The modern asset pricing theory provides a useful benchmark to examine in a comparative way this valuation problem.5 In financial practice, this argument also translates to a positive interest rate. A simple arbitrage argument justifies using the interest rate to discount the safe (or low-risk) benefit flow of any investment project. Indeed, there are myriad ways to improve the future, and it is crucial to prioritize them. Rather than fighting climate change, one could invest in the safe productive capital of the economy that will be used by future generations to increase their wealth. Fighting climate change is desirable only if the “return” of required investments is larger than the return obtained by investing in the safe physical capital of the economy, which is measured by the interest rate. This explains why the interest rate could be a good candidate for the discount rate, at least for risk-free investment projects. Table 2, provides some information about the interest rates observed over the last 100 years.
From this table, assuming that future economic growth will be similar to the past, a relatively low real discount rate between 0-2% should be used to discount these damages to the present (if future climate damages were certain). This discount rate is in the order of magnitude of what has been used by Stern to estimate the SCC. He obtained an estimation of 100 or more per ton of CO2.7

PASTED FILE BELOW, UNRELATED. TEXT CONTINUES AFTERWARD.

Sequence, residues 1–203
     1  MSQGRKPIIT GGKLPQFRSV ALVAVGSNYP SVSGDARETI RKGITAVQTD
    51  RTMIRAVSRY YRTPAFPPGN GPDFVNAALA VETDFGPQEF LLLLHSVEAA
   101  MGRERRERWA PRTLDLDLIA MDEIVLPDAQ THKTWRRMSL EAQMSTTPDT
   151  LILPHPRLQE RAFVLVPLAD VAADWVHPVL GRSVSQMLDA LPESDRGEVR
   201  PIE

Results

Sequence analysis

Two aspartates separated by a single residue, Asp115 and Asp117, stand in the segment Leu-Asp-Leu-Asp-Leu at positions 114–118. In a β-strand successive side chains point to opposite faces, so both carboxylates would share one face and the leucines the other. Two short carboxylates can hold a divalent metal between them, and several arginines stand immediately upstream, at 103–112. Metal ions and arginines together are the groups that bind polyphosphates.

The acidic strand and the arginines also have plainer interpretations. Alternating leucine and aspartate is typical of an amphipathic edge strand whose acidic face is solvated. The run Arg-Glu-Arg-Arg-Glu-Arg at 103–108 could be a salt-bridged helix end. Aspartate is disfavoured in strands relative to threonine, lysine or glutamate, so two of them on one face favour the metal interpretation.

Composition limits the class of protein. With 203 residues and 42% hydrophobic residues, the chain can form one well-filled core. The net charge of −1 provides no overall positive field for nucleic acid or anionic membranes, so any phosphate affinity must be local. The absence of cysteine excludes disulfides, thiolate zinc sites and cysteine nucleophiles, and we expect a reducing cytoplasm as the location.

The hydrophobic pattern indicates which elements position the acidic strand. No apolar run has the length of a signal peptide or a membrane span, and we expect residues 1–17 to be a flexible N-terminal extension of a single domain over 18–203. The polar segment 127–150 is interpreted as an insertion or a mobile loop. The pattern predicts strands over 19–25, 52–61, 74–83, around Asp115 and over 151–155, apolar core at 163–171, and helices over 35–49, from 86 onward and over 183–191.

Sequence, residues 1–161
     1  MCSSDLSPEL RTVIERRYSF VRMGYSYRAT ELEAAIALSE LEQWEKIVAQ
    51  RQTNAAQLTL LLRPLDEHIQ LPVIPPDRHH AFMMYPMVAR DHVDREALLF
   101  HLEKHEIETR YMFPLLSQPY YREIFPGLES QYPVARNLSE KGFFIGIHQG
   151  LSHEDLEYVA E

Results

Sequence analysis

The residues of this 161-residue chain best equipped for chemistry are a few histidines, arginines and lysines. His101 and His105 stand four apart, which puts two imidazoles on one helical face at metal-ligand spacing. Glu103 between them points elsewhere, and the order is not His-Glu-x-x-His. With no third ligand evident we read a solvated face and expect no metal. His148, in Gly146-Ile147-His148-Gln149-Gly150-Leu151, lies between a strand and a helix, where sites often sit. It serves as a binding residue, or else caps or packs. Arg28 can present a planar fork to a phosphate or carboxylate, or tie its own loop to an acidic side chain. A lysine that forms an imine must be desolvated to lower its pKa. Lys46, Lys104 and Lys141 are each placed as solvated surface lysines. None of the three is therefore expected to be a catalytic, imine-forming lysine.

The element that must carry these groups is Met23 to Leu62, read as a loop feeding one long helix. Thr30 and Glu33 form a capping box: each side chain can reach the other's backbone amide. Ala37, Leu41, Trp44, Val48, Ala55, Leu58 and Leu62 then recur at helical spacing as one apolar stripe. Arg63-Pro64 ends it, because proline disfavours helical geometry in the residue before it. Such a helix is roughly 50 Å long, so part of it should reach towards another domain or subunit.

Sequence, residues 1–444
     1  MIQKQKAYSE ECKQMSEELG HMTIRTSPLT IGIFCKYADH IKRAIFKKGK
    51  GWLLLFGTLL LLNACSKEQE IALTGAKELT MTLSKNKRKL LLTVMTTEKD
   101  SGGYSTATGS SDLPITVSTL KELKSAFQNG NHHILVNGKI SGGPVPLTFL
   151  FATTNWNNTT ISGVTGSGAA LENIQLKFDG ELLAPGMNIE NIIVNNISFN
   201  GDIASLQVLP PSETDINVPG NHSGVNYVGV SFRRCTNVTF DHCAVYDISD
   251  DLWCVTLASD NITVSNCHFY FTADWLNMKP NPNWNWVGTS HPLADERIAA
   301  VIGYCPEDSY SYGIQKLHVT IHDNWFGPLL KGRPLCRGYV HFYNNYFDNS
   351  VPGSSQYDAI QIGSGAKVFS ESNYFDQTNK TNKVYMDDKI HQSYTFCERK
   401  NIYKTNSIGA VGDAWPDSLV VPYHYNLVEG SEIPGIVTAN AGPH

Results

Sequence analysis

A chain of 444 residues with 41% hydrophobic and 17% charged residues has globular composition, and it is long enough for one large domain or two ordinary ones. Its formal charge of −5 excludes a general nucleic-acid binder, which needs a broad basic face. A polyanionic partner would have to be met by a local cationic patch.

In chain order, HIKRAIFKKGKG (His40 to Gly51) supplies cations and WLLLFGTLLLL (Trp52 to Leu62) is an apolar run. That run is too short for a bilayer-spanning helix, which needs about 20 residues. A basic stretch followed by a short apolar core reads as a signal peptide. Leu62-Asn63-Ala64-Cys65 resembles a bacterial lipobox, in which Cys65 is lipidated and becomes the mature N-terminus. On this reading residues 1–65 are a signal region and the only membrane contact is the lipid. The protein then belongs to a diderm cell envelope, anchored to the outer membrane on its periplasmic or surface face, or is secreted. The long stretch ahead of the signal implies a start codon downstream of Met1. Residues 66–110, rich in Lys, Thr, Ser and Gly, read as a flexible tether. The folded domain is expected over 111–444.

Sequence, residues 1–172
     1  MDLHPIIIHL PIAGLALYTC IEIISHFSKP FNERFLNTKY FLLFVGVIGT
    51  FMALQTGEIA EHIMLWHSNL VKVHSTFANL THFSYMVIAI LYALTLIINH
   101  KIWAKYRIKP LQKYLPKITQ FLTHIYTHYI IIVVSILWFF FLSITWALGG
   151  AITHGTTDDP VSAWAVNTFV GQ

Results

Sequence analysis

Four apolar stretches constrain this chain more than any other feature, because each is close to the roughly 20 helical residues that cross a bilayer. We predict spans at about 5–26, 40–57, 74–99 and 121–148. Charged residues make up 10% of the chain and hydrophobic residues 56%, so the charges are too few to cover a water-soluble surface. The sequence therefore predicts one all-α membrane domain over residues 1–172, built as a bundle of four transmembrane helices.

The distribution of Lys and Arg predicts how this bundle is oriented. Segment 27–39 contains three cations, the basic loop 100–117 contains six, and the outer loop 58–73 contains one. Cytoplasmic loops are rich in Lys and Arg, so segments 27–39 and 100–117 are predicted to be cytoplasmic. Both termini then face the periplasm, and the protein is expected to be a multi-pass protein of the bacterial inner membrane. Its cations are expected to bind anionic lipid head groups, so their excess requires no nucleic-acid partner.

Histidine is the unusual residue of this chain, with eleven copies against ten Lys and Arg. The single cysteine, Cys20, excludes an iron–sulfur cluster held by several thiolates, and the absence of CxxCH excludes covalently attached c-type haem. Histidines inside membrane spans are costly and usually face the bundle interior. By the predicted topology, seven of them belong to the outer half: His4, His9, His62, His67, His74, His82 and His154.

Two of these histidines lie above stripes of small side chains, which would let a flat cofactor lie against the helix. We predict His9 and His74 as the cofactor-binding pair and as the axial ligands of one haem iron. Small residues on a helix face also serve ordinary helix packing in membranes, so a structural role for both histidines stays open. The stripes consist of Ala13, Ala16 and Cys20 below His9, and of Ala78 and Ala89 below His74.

Most of the models that have been used to calculate SCC (like the standard integrated assessment model, such as DICE) however, positively link climate damages to consumption growth, as demonstrated by Dietz, Gollier, and Kessler.8 For example, Nordhaus used the RICE-2011 model with 16 sources of uncertainty to conclude that “those states in which the global temperature increase is particularly high are also ones in which we are on average richer in the future.”3
This positive relationship between climate damages and consumption justifies the use of a relatively high rate to discount expected climate damages. Thus, the relevant climate discount rate should be closer to the average return of equity than to the risk-free rate (like the return on long-term government bonds presented in Table 2). Table 3 provides information about the average return of equity during the last 100 years. A discount rate for SCC around 3-5% seems to be the more appropriate.
Notice, however, that the positive relationship between climate benefits and consumption also means that in a fast growing world economy, climate damages will be much larger too. This implies a larger discount rate (as explained before) and also a larger expected benefit of fighting climate change. Dietz, Gollier, and Kessler show that the net effect of this positive relation argument is to raise—not to reduce—the price of carbon. In net, this justifies a SCC around $40/tCO2.8
Economists strongly recommend using carbon pricing to globally coordinate the fight against climate change in an efficient way. This recommendation has been endorsed by a wide range of companies around the world, such as Shell, ENGIE, and Microsoft.